The Persian New Year is called Norooz (also Nowruz, Nawroz, among other spellings) and marks the first day of spring. It’s also the Baha’i New Year, but the holiday is celebrated by Iranians of all religions.
Norooz celebrates renewal and rebirth, symbolized by the coming of spring. It is partly rooted in the Zoroastrian tradition, but is an ancient holiday that was celebrated thousands of years ago. Now, it is also an important Iranian cultural holiday that spans many religious traditions. The word Nowruz is a compound word that blends together the Persian words “now” which means “new,” and “roz” which means “day.”
In 2015, Norooz will begin on March 21 in Iran. The exact moment of the new year is called Tahvil. Norooz lasts 12 days in Iran. It coincides with the vernal equinox, so its date in the Gregorian calendar changes every year.
On the last Wednesday of the old year, the night of Chahar Shanbe Suri is celebrated in order to symbolically get rid of all the misfortunes and bad luck of the past year. People light small bonfires and jump over the flames, shouting “Zardie man az to, sorkhie to az man,” which means, “May my sickly pallor be yours and your red glow be mine.” It is also acceptable to simply light a flame and shout the phrase.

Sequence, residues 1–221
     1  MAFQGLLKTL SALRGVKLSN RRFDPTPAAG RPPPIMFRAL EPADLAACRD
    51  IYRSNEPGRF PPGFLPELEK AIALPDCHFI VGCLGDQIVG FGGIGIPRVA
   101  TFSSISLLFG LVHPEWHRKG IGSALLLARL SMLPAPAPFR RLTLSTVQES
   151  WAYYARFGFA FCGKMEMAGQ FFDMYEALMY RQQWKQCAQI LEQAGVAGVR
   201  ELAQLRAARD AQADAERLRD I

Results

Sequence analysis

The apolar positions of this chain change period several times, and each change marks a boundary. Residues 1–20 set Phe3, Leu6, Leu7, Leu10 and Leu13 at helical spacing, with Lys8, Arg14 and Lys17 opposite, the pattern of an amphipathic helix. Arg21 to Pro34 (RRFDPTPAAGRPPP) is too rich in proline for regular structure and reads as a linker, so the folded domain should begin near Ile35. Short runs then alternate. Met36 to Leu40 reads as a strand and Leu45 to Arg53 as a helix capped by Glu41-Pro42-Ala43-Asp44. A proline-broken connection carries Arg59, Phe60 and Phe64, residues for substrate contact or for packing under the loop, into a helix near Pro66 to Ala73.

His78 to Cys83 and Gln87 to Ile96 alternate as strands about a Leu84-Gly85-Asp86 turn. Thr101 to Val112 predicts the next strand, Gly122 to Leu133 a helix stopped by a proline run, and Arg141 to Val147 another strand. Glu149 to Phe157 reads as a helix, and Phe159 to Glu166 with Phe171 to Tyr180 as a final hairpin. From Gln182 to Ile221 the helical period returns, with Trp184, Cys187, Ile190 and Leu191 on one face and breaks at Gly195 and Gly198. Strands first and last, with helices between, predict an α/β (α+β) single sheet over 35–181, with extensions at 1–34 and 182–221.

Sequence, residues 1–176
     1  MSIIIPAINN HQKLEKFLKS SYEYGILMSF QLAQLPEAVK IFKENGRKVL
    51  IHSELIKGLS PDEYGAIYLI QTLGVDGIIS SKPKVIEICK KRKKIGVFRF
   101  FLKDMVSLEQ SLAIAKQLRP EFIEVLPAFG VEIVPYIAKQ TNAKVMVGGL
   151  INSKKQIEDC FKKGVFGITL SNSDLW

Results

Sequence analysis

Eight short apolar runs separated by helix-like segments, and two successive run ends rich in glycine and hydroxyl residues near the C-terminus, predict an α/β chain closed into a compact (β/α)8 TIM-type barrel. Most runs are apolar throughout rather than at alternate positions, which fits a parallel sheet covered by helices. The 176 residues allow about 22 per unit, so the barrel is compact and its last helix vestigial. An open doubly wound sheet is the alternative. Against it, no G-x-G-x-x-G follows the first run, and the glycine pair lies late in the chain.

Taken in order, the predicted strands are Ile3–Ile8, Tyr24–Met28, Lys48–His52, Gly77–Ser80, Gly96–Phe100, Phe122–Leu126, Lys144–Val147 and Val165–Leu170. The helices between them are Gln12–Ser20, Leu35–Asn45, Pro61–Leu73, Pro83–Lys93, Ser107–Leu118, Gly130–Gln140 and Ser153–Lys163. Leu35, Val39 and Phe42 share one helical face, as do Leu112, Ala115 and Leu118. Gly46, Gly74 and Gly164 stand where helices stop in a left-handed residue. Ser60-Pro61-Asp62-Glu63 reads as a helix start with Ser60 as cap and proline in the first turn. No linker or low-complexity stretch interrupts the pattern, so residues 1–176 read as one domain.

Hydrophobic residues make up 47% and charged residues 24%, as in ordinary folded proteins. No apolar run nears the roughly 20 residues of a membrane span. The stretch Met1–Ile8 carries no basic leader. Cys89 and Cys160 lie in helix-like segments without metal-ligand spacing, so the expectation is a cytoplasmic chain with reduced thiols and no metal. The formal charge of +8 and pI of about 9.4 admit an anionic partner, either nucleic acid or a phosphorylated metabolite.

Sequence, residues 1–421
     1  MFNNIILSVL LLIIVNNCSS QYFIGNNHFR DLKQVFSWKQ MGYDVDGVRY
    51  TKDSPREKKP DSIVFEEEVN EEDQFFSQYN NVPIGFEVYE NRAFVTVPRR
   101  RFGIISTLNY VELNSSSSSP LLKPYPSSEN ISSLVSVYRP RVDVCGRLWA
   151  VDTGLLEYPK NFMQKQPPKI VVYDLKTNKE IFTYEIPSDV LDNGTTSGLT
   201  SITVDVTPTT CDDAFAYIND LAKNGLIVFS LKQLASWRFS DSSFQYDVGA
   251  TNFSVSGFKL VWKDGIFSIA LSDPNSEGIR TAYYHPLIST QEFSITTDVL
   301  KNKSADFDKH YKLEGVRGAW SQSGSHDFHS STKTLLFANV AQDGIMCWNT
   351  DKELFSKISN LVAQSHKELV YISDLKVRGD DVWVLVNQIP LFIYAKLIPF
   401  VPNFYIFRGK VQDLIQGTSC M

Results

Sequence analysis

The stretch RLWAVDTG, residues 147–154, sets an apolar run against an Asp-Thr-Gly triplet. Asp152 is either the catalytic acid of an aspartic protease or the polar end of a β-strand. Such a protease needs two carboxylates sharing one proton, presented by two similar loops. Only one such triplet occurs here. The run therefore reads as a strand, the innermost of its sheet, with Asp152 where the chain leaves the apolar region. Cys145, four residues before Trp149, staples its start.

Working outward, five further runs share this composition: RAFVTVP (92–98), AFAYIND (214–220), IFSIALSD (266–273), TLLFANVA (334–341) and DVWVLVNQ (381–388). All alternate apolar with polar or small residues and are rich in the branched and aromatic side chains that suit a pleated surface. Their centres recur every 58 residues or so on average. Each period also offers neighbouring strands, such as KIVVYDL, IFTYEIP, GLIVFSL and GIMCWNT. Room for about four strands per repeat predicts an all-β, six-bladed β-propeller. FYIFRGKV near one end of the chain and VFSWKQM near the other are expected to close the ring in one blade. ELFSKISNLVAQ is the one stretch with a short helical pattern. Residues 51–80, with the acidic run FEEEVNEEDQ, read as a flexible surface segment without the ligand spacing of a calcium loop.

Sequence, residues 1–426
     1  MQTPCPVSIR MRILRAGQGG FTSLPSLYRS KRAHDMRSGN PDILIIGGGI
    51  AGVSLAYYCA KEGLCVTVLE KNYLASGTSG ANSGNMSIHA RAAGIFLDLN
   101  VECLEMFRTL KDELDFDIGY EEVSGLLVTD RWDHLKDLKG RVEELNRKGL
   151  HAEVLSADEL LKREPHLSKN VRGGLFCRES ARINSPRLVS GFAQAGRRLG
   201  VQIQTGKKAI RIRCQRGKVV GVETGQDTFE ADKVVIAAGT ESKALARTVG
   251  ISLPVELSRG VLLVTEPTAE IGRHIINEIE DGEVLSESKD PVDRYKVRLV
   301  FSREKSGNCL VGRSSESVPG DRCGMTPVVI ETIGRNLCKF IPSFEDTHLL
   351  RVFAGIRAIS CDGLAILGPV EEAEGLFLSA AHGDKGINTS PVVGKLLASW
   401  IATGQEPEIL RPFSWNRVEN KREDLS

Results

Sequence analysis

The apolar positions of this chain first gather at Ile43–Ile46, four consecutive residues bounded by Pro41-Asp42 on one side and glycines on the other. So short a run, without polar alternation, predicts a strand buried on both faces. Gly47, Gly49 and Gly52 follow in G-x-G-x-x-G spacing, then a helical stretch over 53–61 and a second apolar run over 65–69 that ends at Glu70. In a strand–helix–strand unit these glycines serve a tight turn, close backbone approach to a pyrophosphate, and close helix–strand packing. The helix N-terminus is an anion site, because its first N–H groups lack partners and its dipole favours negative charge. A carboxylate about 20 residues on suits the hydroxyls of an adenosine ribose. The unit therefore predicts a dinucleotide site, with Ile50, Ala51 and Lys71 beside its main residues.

A traditional ceremonial table display is set up called the sofreh-ye haft-sinn (“cloth of seven dishes”). Behrooz Far and his wife Nava explained to interfaith activist Rothwell Polk, “The haft-sinn table is set with the Kitab-i-Aqdas, our Holy Book, flowers, a bowl of goldfish, a mirror, candles and painted eggs and seven traditional foods each starting with the letter ‘s’ in Persian.” This table remains in the family home for thirteen days after the start of the holiday.
- sabzeh: lentil, barley or wheat sprouts growing in a dish, symbolizing renewal
- samanu: a thick, sweet pudding made from wheat germ, symbolizing affluence
- senjed: dried fruit of the lotus tree, symbolizing love
- sir: garlic, symbolizing medicine
- sib: apples, symbolizing health and beauty
- somaq: sumac berries, symbolizing sunrise
- serkeh: vinegar, symbolizing age and patience.
A traditional dinner for Norooz is Sabzi Polo Mahi, a rice dish with whitefish and green herbs like parsley, coriander, chives, dill, and fenugreek, explains Polk.
After thirteen days, Sizdeh Bedar is celebrated, which literally means “getting rid of the thirteenth.” Families throw green sprouts into rivers or lakes to symbolize the plant’s return to nature and conclude the festivities until the next year.